Writing To Heal Feature: Sarah

 

The blog,  Breaking Sarah, specializes in surviving trauma and the healing process which follows. Sarah is a survivor of incest, teen pregnancy, and family estrangement and death. Rather than let it to tear her down, she uses her work to inspire and help heal others. She…

Writes To Heal

 

 

Drem: Sarah, tell me about yourself.
Sarah: I was born and raised in small-town California and lived there until I was 39. Currently, at 43, I live in Southeast Texas and will be moving to Mississippi in a couple of months. Living in different places and experiencing different cultures and types of people has been fascinating for me; I felt so sheltered for most of my life and it feels good to be branching out.

 

 

Drem: And you Write To Heal as well? Tell me about that.
Sarah: I write to heal because it was and still is, in may ways, the only way I know how to contemplate and resolve everything I am feeling. After childhood sexual abuse by my father and brother and then recent family estrangements, I don’t really have a proper support system, no one to help me through pain and loss, no one who gives a damn. I swallowed my emotions for six years recently and that act alone hurt me more than any person ever could. I finally reached a point where it was give up and die or fight and start living. I chose to fight; I chose to heal. I just needed to find a way to heal when I was so very much alone. Writing gave me that outlet. My journey in life has been long and bumpy and tragic and choosing to write about it is one of the best and most healing decisions I have ever made.

 

Drem: So you started writing then. But was there a time before during crisis or otherwise you wrote?
Sarah: I started writing as a teenager in high school. When I was 15, I bought my first blank book and started writing small poems, mostly about a boy or God. They were simple at first and always rhymed. As time progressed though, they rhymed less and featured far more inner emotion, emotions that had been masked and hidden since childhood. I wouldn’t fully realize where it came from or what it meant until just a few years ago when I finally started dealing with the abuse of my childhood. It was then that the words started pouring out of me. Sometimes there are just too many thoughts in my head to sort out and writing somehow separates it and makes it manageable.

 

Drem: I know that feeling. And it’s interesting that you were able to witness the growth of your own work. Why do you continue now?
Sarah: I continue to write because it is such am amazing outlet – it allows me to be honest, to be real, to be raw. Don’t we first have to be honest with ourselves? After high school, I journaled for a while but eventually stopped when I started feeling less honest. Something I experience as a side effect of child abuse is perfectionism and it started controlling my writing – I went from writing for myself, from being open and real, to writing as if someone might read it and therefore it needed to be perfect. It was devastating – I stopped writing altogether. I guess you could say that in doing so, I very much lost a piece of myself. I just didn’t know how to get it back. But about 5 months ago, after a tumultuous last six years, I started a blog. I found that I had so much to say. I wanted to share my story and hopefully help others in the process. I decided to be as honest and raw as possible. If just one person could be comforted by my words, what a difference my life would make, what a difference I could make. It also allowed me to find poetry again. I think my best writing has come from openness and honesty, with myself and with others. It has allowed me to find myself again.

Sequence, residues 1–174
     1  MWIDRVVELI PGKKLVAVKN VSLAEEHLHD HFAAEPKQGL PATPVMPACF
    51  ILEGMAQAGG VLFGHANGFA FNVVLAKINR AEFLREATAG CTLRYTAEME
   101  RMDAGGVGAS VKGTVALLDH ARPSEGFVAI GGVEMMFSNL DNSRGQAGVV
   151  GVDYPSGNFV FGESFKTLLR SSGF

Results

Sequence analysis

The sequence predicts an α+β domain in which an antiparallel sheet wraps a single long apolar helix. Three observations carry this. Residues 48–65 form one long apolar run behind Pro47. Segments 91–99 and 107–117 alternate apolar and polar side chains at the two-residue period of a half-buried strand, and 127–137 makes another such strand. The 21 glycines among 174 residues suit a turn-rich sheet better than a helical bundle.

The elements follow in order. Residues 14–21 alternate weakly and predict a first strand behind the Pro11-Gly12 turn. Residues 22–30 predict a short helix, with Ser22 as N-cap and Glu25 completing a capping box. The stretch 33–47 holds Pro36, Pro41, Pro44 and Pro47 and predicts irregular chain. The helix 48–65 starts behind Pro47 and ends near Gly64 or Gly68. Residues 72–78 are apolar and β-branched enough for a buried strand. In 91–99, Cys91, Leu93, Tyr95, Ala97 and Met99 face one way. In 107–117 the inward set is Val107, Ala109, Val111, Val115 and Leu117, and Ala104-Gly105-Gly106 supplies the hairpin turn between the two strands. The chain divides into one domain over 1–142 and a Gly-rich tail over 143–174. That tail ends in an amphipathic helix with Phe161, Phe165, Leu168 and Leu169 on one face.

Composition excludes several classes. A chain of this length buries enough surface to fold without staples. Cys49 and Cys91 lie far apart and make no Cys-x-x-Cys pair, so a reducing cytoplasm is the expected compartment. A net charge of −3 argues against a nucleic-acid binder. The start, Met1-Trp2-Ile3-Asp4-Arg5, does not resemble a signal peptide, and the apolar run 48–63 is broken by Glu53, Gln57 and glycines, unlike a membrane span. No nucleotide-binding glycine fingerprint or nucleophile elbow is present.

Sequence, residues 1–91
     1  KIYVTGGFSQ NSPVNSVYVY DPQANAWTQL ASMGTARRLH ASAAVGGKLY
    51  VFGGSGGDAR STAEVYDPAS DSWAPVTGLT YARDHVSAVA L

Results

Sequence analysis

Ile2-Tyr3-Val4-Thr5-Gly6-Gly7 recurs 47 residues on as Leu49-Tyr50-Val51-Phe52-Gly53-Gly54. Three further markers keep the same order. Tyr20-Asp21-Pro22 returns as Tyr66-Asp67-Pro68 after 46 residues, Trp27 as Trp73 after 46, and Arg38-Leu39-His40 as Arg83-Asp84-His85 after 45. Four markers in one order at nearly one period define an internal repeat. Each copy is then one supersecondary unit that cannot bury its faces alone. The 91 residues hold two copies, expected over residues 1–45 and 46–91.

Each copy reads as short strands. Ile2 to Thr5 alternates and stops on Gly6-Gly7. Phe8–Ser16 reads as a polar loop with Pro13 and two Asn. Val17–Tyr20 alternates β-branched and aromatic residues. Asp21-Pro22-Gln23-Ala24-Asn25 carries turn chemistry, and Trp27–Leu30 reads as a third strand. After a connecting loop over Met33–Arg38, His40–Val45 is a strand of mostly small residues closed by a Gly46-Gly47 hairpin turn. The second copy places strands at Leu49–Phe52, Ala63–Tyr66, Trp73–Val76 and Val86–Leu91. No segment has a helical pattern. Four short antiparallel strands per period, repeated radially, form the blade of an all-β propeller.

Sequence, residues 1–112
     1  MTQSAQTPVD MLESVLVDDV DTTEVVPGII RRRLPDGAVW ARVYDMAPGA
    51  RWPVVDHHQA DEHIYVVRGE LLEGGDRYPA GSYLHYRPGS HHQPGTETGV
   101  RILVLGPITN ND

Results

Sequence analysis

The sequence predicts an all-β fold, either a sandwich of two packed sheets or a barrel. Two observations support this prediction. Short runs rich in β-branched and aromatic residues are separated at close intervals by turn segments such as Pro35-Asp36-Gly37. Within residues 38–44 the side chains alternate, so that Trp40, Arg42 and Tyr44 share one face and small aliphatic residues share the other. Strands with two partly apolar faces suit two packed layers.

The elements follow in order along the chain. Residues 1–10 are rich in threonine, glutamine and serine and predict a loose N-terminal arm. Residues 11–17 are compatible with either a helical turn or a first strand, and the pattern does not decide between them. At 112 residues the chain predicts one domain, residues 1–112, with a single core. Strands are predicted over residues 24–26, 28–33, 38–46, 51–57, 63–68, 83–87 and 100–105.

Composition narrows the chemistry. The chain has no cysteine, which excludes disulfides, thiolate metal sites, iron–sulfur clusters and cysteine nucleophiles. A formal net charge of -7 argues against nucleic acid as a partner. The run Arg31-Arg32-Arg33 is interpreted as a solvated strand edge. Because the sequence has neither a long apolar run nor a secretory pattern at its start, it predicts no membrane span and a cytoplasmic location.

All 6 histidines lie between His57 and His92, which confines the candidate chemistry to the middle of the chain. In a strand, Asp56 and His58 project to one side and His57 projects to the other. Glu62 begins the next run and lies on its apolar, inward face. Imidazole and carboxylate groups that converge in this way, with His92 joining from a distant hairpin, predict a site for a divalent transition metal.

Drem: How often do you write now? You have a bustling blog!
Sarah: Since starting my blog, I typically make posts about four days per week. I write poetry less often, mostly because the perfectionism seems to still want to control it too much. I have to find private time so my mind can think clearly. It’s odd though, some days I have so many thoughts I want to write down and other days nothing. I don’t try to force it though, I let it come as it may. That’s the only way to stay real.

 

Drem: When do you write and how? I know you said earlier it was in a journal. But, times have changed. Technology has changed.
Sarah: I mostly write on my computer during the day, although I keep a pen and paper by my bed as I often find clarity and deeper thoughts lying awake in the middle of the night. Alone-time is when my thoughts are the most clear and vivid. For some reason, my bog is a private thing to me, even though I share it with so many strangers. I can’t write at home around my family; I feel like they just don’t understand sometimes. They’ve never experienced the trauma that I have so how could they?

 

Drem: Do you have another profession than your writing?
Sarah: I have always wanted to write professionally. In fact, I have been working on a memoir manuscript for years. However, in the real world, I am an accountant, a profession for which I have no passion at all. It’s sad really, when we settle for something less than what we want or deserve. Writing is giving me a chance to branch out though, to have passion about something and to be able to share it.

 

Drem: What dreams do you have for your writing now?
Sarah: I have two dreams for my writing: my ultimate dream would be to publish my manuscript, to share my life story with the world. In doing so would allow me to realize my other dream, to help others, to let other trauma and abuse survivors know that they are not alone. Writing about grief and healing is a very powerful and personal thing. I can’t think of a better reason for me to write than to try to help others through some of the very things I have survived.